And now, this one may not look like much, but the world economy would be in even worse straits without coffee, Coffea arabica:

And this is the main jungle food - yuca. It's also known as cassava, although it's under the name yucca that I ate it for breakfast, lunch and dinner in the forest (and I drank it everyday too, as the alcoholic beverage known as masato). It's also called Manihot esculenta:

Okay, it's not really food, but it's very useful and pernicious at the same time (i.e.: important). The coca plant, Erythroxylum coca:

Possibly more addictive, the sugar cane, Saccharum officinarum:

But without it who would eat the bitter seeds of the chocolate tree, Theobroma cacao?


Wednesday, January 7, 2009


One of the best things I did so far in Peru was the hike to Choquequirao, near Abancay. It is a fairly easy, four day hike although many do it in five days and most tourists hire mules and guides. It is doable in three days but it's over thirty kilometers each way with a thousand meter-deep valley in the middle, so it's nice to have a little time. In total, over four days I saw less than twenty tourists, and the place is huge.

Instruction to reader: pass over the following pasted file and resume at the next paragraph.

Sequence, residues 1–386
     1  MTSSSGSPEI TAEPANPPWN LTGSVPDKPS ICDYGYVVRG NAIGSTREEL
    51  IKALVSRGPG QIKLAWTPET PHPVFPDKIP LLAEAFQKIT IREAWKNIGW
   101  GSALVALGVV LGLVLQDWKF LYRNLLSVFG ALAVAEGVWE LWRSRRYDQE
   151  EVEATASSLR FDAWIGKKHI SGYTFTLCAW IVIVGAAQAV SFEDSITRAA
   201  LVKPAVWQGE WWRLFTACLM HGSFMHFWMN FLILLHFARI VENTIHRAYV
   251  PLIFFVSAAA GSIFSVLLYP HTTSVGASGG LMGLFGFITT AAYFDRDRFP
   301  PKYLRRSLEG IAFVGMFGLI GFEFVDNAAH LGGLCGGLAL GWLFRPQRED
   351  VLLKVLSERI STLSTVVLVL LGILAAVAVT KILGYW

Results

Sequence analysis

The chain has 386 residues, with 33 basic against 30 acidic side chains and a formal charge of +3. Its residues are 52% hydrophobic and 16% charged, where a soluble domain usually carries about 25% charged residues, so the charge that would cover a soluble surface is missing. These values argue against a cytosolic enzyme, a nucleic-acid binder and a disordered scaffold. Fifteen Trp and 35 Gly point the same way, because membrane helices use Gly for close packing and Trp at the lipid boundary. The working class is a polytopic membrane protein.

I did the hike with a Spanish tourist, and on the way back we linked up with a French tourist who had a mule and a guide, and was returning from an unsuccessful attempt to trek all the way to Machu Picchu (the rivers are swollen, due to the rainy season). Here they are, walking back:

Here are some of the ruins at Choquequirao, with an Andean condor in the lower left corner:

This is the famous "Sector Llamas," with designs worked into the terracing work. This is the most active excavation area right now. Of the 70% of the ruins that are still buried in vegetation, the lower "Sector Llamas," with similar designs except with loads on the animals, is next for excavation.

This is the "Casa de la Caída del Agua," near the bottom of hundreds of incredible terraces on the other side of the mountain from Sector Llamas:

Here is the Plaza Principal, with its temples and two-story houses. The terraces in the lower right have two meter-high walls: